Slip and Fall and Premises Liability
Slip and Fall / Premises Liability: Under this theory, the owners and occupiers of land or property owe a legal responsibility for accidents and injuries that occur on their property. These laws are largely dependant on state law and vary from state-to-state. What's usually important in these cases is to look at the status of the injured. Where they a trespassor or were they invited to the property? The status of the injured person with regards to the property might play a role in determining duty, depending on the state. Courts might also look at the condition of the property. Finally, there may be special laws applying to landlords and lessors of property.
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With the holidays upon us, party planning is in full swing. Like any other holiday season, a fair number of party hosts and partygoers will have to deal with holiday party injuries, throwing a wrench (hopefully not literally) into their night of merriment.
During this holiday season, social hosts and homeowners should be extra careful about liability for holiday party injuries.
A former college student who was paralyzed after falling 20 feet at an off-campus residence has reached an $11.6 million settlement for her injuries.
Former University of Pennsylvania student Lorna Bernhoft was a junior at the time of her injury in 2010, The Philadelphia Inquirer reports. Bernhoft fell through a raised skylight opening on the fourth floor of a building; the opening was covered only by flex board and carpet.
Bernhoft's lawsuit named as defendants the building's owner and student tenants who were aware of the opening. As her lawyer told the Inquirer, this case shows "there are dangerous defects in rental housing, especially in off-campus housing, and every parent and student should be aware."
Suing the military is no easy feat. Alas, under the doctrine of sovereign immunity, you typically can't sue the federal government without its permission.
However, the passage of certain laws has reduced this broad governmental immunity.
Here's an introduction to three notable laws -- the Federal Tort Claims Act, Military Claims Act, and Military Personnel and Civilian Employees' Claims Act -- that may allow you to sue the military:
A number of video production companies create personal injury videos for use in legal proceedings, including litigation, mediation, and arbitration. But is it appropriate to turn to celluloid in a case?
Videos that show how an injury affects a plaintiff, or how an accident occurred, can be helpful to a decision-maker like a juror, judge, or arbitrator. However, such videos can also be challenged on a variety of grounds.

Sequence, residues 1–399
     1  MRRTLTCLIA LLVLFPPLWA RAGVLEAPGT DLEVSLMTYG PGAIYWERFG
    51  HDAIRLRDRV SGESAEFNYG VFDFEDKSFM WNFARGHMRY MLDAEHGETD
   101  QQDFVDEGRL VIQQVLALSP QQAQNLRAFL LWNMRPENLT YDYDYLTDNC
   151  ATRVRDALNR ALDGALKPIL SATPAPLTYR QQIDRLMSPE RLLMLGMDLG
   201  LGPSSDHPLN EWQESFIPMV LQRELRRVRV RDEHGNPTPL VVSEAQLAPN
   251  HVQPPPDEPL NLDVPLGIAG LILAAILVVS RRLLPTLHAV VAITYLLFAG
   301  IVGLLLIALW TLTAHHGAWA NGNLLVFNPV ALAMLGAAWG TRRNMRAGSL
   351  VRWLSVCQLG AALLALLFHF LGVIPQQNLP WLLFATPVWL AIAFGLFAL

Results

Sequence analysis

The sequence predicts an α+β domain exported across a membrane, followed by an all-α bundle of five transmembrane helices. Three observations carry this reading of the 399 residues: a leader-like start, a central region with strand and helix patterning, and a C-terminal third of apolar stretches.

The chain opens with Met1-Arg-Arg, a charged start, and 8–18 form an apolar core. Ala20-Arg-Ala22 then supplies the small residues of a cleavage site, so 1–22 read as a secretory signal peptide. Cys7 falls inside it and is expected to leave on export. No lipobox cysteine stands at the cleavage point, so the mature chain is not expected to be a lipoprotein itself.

Here are some common types of videos used in personal injury cases, along with their pros and cons:
A Punkin Chunkin injury lawsuit is "chunking" a wrench into the annual World Champion Punkin Chunkin contest in Delaware. That's the event in which competitors use massive machines -- including air cannons, centrifuges and colossal catapults -- to toss pumpkins.
Daniel Fair, who volunteered as a spotter at the 2011 festival, allegedly suffered spinal fractures after he was thrown from an all-terrain vehicle (ATV) that hit a depression in the ground and landed on top of him.
Fair is suing the Punkin Chunkin Association, asserting negligence and premises liability for conditions at the Punkin Chunkin field in Bridgeville. But event organizers may be able to fire back with a few potential defenses.
The mother of a Utah man killed in a DUI crash is suing a Salt Lake City-area music venue for at least $1 million, claiming bartenders over-served her son at a Megadeth concert.
Tanya Wallace of West Jordan, Utah, brought the suit after her son Joshua died in a crash after leaving the Great Saltair, a concert venue on the shore of the Great Salt Lake.
Wallace alleges that Great Saltair employees violated state dram shop liability laws and could have prevented her son's death.
Halloween -- a favorite celebration for many, if not most, kids -- is just around the corner. But with the excitement of Beggar's Night comes the scary prospect of potential injuries caused by candy, costumes, and even car-pedestrian accidents.
If you and your child plan to go trick-or-treating for Halloween, what are some of the best ways to prevent trick-or-treat injuries?
Here are 10 injury-prevention tips for Halloween that you may want to consider:
Two New York parents are suing a summer camp for $41.7 million after their daughter contracted Lyme disease at the camp.
The parents are accusing the YMCA's Camp Mohawk in Connecticut of failing to monitor and protect their daughter, who now suffers from neurological problems as well as sleep disorders and chronic pain.
The federal lawsuit alleges camp staffers repeatedly misdiagnosed her and failed to follow their own safety precautions, The Associated Press reports. But is the camp actually liable for the injuries?